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Mapping causal functional contributions derived from the clinical assessment of brain damage after stroke.

Zavaglia M, Forkert ND, Cheng B, Gerloff C, Thomalla G, Hilgetag CC - Neuroimage Clin (2015)

Bottom Line: The results revealed regional functional contributions to essential behavioral and cognitive functions as reflected in the NIHSS, particularly by subcortical structures.There were also side specific differences of functional contributions between the right and left hemispheric brain regions which may reflect the dominance of the left hemispheric syndrome aphasia in the NIHSS.Comparison of MSA to established lesion inference methods demonstrated the feasibility of the approach for analyzing clinical data and indicated its capability for objectively inferring functional contributions from multiple injured, potentially interacting sites, at the cost of having to predict the outcome of unknown lesion configurations.

View Article: PubMed Central - PubMed

Affiliation: Department of Computational Neuroscience, University Medical Center Eppendorf, Hamburg University, Martinistra├če 52, Hamburg 20246, Germany ; School of Engineering and Science, Jacobs University Bremen, Campus Ring 1, Bremen 28759, Germany.

ABSTRACT
Lesion analysis reveals causal contributions of brain regions to mental functions, aiding the understanding of normal brain function as well as rehabilitation of brain-damaged patients. We applied a novel lesion inference technique based on game theory, Multi-perturbation Shapley value Analysis (MSA), to a large clinical lesion dataset. We used MSA to analyze the lesion patterns of 148 acute stroke patients together with their neurological deficits, as assessed by the National Institutes of Health Stroke Scale (NIHSS). The results revealed regional functional contributions to essential behavioral and cognitive functions as reflected in the NIHSS, particularly by subcortical structures. There were also side specific differences of functional contributions between the right and left hemispheric brain regions which may reflect the dominance of the left hemispheric syndrome aphasia in the NIHSS. Comparison of MSA to established lesion inference methods demonstrated the feasibility of the approach for analyzing clinical data and indicated its capability for objectively inferring functional contributions from multiple injured, potentially interacting sites, at the cost of having to predict the outcome of unknown lesion configurations. The analysis of regional functional contributions to neurological symptoms measured by the NIHSS contributes to the interpretation of this widely used standardized stroke scale in clinical practice as well as clinical trials and provides a first approximation of a 'map of stroke'.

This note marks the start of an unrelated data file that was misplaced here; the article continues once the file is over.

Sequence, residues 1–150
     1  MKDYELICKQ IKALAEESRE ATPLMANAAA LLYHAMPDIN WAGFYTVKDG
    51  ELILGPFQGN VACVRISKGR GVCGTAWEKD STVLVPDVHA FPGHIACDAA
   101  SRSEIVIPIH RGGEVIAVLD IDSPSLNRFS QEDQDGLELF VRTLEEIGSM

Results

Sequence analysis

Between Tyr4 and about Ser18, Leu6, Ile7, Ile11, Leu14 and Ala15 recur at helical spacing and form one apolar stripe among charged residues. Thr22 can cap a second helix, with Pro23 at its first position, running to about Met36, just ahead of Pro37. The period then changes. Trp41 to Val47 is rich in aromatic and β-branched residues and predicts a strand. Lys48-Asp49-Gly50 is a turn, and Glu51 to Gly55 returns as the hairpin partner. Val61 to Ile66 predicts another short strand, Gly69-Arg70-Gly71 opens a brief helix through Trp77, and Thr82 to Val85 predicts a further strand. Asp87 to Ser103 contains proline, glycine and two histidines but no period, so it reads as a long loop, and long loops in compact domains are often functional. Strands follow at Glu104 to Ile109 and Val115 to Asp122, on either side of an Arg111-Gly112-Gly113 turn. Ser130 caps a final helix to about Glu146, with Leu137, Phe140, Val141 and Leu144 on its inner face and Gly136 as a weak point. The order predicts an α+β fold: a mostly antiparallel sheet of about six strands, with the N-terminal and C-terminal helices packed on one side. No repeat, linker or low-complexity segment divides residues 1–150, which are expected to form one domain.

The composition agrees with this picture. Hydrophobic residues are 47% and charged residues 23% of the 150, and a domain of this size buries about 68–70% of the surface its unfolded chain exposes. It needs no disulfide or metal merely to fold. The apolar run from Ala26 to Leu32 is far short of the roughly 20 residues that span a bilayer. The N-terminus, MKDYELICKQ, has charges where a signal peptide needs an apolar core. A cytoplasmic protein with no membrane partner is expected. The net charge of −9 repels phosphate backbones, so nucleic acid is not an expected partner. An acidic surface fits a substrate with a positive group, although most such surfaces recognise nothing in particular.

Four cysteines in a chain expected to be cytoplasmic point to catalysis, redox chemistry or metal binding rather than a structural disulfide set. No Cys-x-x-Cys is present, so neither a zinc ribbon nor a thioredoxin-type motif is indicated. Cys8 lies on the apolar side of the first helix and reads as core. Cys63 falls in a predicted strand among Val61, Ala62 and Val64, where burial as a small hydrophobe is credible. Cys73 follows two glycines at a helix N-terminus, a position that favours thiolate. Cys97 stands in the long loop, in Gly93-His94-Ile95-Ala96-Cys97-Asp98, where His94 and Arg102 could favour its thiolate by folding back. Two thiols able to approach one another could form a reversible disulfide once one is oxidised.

No MeSH data available.


Related in: MedlinePlus

Comparison approaches of lesion inference. Comparison based on the MNI atlas (we selected 3 slices from the MNI atlas that are representative to cover all structural regions) between correlation coefficients computed with VOI-based Lesion Symptom Correlation, t-scores obtained with Volume-based Lesion Symptom Mapping and normalized mean contribution values for global inverse NIHSS obtained with MSA. The color map is the same for all measures, but at different scales. Black stripes indicate VOIs without a significant value.
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f0030: Comparison approaches of lesion inference. Comparison based on the MNI atlas (we selected 3 slices from the MNI atlas that are representative to cover all structural regions) between correlation coefficients computed with VOI-based Lesion Symptom Correlation, t-scores obtained with Volume-based Lesion Symptom Mapping and normalized mean contribution values for global inverse NIHSS obtained with MSA. The color map is the same for all measures, but at different scales. Black stripes indicate VOIs without a significant value.

Mentions: Fig. 6 shows the outcomes of the Multi-perturbation Shapley value Analysis (same quantities as depicted in Fig. 4), Volume-based Lesion Symptom Mapping and VOI-based Lesion Symptom Correlation, applied separately to the left- and right-hemispheric datasets and shown in the reference space of the MNI atlas, using neurological convention. Black stripes indicate VOIs without a significant value.